The COVID-19 quarantine has many of us marooned at home, probably looking for something to do other than watch the march of grim news on television. There’s plenty to do in the garden, experts say, and a little work now will pay off down the road when -- hopefully soon -- social distancing is safely relaxed.
We talked to some garden pros, who offer these 10 tips:
Now is really the best time to move certain perennials, said Andrew Bunting of the Philadelphia Horticultural Society. “Many of them are just emerging, so rearranging them now in the garden puts very little stress on the plants." Summer or fall-flowering perennials should do well, like bee balm, sedum, or hyssop.
What shouldn’t you move? Hold off on spring flowering plants like peony, said Erin Kinley, who administers the Master Gardener program for the Penn State University Agricultural Extension in our region.
Bunting said that if you’ve got a healthy mound of a perennial that needs a little more room, spring is a good time to divide the plant and give it more space.
“Also, with bee balm and other clump-forming perennials ... you can dig them up and divide into multiple plants and move around the garden,” he said.
“In general, for many plants pruning after blooming is a good rule of them,” Bunting said. “For something like an azalea, it gives the shrub a chance to grow and recover and in many cases set new flower buds for the following year.”
He recommends spring pruning of shrubs that flower on current season’s “wood.” Examples include panicle hydrangea, hydrangea paniculata; smooth hydrangea, hydrangea arborescens; and blue spirea, Caryopteris x clandonensis. Bunting said shrubs with colorful winter stems can be cut back now too, like the red- and yellow-stemmed dogwoods, cornus sericea, cornus alba, and cornus sanguinea.
Randy Orner, of Orner’s Garden Center in Havertown, said the mild winter gave weeds a head start. Quarantine is good time to get into your flower beds and get ahead of the coming onslaught. You need to do it now before the weeds start to seed themselves. Kinley said the Agricultural Extension wants gardeners in our region to be especially aggressive in getting rid of lesser Celandine, an invasive species that’s spreading in Southeast Pennsylvania.
“If you have access to some early spring annuals like pansies and primula or ornamental vegetables like purple lettuce and Swiss chard, then you can use those in spring containers and window boxes,” Bunting said. Most big-box stores’ garden centers are open — local nurseries on a case-by-case basis. Check with your local plant retailer.
Orner said now is an ideal time to aerate your lawn — punching holes in the ground so that oxygen can reach the roots.
A lawn service can do this, though some are not operating at this time. You can rent a gas-powered core aerator from a hardware store (they are open), but be advised the machines are a beast to handle. It often makes sense to joint-venture with neighbors to share the expense and equipment. If you have a small lawn and a strong back, you can also use a handheld core aerator. You want the kind that creates a plug (pictured above), so you are not compacting the soil.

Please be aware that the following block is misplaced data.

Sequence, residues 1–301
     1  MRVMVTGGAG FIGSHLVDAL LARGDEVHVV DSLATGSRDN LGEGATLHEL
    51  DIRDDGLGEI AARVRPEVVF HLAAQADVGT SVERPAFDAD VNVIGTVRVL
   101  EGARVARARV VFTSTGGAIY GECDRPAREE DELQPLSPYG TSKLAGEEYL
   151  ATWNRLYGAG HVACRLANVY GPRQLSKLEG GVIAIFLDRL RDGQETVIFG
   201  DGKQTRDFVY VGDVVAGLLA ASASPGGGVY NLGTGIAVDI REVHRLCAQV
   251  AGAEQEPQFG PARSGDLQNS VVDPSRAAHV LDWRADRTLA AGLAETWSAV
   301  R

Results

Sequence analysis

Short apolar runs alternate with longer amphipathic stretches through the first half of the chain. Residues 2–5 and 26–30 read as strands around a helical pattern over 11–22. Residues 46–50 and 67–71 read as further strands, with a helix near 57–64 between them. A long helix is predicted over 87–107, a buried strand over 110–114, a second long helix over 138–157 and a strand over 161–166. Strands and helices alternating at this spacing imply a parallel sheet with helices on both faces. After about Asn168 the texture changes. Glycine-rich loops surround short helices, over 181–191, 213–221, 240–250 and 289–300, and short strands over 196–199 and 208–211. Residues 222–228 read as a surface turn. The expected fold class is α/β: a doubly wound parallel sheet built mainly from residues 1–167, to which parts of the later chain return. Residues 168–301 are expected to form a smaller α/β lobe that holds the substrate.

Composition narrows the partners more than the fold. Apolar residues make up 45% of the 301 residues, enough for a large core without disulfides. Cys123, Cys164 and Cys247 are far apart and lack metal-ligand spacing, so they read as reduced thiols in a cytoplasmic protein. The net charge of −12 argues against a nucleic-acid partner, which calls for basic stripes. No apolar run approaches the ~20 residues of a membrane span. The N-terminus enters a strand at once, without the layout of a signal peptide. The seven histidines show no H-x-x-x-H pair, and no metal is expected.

Orner also said it’s a good time to put down grass seed on bare patches, and some early-season starter fertilizer to go with it. Don’t use weed-and-feed products, he said, as that will impede new growth. Wait until at least mid-May for weed control, he said, when the lawn weeds (if you have them) really start to get going. Kinley advises going easy on spring fertilizer — it’s easy to overfertilize, she said, and fall is the best time.
Kinley said all gardeners can do their part to help the state’s $18 billion agricultural industry by keeping an eye out for signs of the invasive spotted lanternfly. It’s hit our region in a big way, and at this time of year you can spot the egg mass on tree branches. Here’s one that Kinley saw just a few weeks ago at Temple’s Ambler campus.
If you see one, use an old credit card to scrape it into a zipper-lock plastic bag, and toss the whole thing. You can also report the sighting to the Agricultural Extension.
Kinley reports that Penn State Extension Master Gardener hotlines are open. They’re free, she said, and can assist you with plant identification, indoor and outdoor pest identification and management, soil test information, fertilization, plant selection for specific sites, invasive plants, and both organic and conventional gardening methods. Most hotlines are using email right now, she said, but some are still able to take phone calls. Learn more about how to contact yours by choosing your county from this list here and clicking on their Garden Hotline tab: https://extension.psu.edu/programs/master-gardener/counties